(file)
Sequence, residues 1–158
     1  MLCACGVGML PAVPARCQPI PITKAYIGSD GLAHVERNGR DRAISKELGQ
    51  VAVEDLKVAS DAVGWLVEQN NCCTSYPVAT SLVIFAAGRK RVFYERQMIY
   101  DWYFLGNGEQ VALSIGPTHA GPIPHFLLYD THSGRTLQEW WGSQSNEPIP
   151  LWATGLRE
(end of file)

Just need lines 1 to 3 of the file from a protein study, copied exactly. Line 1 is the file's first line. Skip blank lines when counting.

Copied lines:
Sequence, residues 1–158
     1  MLCACGVGML PAVPARCQPI PITKAYIGSD GLAHVERNGR DRAISKELGQ
    51  VAVEDLKVAS DAVGWLVEQN NCCTSYPVAT SLVIFAAGRK RVFYERQMIY